The Vegetable Garden

Which of the Hundreds of Tomato Varieties Should I Plant? - Page 2

  • Written by Kathy Anderson

Since you’ll want more than one main stem for tomato production, allow the suckers nearest the bottom of the plant to grow. These will have more blossoms and will be easier to trellis than suckers that sprout higher up on the plant. Pruning will also improve air circulation through the plant which can help prevent disease problems, especially in humid weather.

Once you decide whether to grow determinate or indeterminate tomato varieties, it’s time to peruse the garden centers or seed catalogs to find the seeds or plants that will produce your prized fruit. Although a few of the more enlightened garden centers are now selling a wider variety of tomato plants, many still offer only a few of the old standby hybrid varieties such as “Big Boy” and “Early Girl”.

You’ll have more varieties to choose from if you decide to start your tomato plants indoors from seed. Imagine growing tomatoes with names like “Cherokee Purple” or “Mortgage Lifter”. Add more color to your favorite tomato salsa recipe with yellow “Garden Peach” tomatoes, “German Pink” or “Green Zebra”. For stuffing tomatoes, try “Striped Cavern”, and for salads grow some “Christmas Grape” tomatoes.

If you plan on preserving tomatoes to enjoy over winter, you will want a meatier tomato such as “Martino’s Roma” or “Amish Paste” for sauces. “Wisconsin 55” and “Ace” are two varieties that are especially good for canning or freezing. There are even varieties that have a lower acid content for the folks who can’t eat a high-acid tomato, and varieties that have more Vitamin C than oranges.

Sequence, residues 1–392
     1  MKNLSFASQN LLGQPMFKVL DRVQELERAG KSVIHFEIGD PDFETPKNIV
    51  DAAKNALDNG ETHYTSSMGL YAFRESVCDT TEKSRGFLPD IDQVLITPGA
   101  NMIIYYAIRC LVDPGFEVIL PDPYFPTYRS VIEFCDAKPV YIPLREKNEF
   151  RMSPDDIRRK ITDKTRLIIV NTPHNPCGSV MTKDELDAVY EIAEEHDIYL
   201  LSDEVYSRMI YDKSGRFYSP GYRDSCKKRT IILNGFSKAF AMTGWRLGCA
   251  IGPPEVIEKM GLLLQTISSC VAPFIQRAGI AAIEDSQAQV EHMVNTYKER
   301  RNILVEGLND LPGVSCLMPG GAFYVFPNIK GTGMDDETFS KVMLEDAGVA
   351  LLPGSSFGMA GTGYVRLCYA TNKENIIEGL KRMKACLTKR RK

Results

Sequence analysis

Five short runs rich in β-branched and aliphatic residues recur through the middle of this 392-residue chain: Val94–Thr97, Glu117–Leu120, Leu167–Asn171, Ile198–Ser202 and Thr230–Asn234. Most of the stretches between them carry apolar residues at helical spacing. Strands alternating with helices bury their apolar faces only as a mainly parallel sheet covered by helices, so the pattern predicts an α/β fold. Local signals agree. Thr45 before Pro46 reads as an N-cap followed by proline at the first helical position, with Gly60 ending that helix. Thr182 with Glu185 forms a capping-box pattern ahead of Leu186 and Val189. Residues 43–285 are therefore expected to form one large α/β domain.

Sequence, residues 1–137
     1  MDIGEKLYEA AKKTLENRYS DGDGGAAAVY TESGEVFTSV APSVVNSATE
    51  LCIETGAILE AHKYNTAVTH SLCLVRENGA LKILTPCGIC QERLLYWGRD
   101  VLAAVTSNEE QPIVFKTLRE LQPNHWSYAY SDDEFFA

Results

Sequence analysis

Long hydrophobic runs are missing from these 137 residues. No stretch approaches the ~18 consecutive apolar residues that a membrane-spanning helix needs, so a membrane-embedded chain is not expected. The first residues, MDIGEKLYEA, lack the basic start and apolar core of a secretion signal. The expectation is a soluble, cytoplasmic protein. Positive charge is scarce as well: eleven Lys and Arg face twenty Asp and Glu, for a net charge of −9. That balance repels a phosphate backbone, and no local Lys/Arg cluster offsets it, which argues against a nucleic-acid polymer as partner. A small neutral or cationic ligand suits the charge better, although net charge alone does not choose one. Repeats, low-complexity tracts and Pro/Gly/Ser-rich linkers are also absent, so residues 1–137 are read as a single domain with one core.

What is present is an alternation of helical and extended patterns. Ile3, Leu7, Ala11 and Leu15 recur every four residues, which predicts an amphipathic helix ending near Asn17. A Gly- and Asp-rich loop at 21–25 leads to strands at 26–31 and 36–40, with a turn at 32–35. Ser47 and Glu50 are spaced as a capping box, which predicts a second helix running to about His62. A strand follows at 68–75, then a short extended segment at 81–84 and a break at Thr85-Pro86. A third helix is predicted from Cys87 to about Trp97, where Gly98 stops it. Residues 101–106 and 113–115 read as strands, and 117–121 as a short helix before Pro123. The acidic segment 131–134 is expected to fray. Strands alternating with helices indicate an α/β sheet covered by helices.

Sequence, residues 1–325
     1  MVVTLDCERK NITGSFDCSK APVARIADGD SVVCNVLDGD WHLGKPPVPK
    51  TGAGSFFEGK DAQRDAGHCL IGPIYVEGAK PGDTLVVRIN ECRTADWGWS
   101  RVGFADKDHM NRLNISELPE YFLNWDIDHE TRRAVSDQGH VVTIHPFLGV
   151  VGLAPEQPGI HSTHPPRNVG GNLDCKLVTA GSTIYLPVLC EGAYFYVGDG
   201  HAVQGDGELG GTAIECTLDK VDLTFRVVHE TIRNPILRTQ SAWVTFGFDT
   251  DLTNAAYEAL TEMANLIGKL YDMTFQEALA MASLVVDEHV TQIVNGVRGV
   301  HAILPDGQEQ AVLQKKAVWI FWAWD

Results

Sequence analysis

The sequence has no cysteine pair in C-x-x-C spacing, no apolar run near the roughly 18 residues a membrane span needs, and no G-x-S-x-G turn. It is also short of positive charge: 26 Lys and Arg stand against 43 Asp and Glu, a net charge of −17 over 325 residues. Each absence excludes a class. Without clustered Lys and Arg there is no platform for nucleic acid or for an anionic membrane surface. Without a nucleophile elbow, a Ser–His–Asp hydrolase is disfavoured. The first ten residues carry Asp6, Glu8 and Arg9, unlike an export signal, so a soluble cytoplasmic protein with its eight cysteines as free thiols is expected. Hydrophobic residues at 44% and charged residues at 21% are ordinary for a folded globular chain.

Tomatoes are one of the most versatile garden vegetables. There are as many ways to prepare tomatoes as there are tomato varieties. Whether you like to eat them fresh out of the garden like an apple, or you make your own spaghetti sauce or tomato salsa, whether the variety you grow is red, orange, yellow, purple, white or striped, tomatoes are the most useful and tasty garden vegetable.

Kathy Anderson has been an avid gardener for many years and has grown tomatoes by the acre, along with many other vegetables, flowers and landscape plants. Kathy recommends http://www.freeplants.com as a great place to learn more about gardening. Article provided by .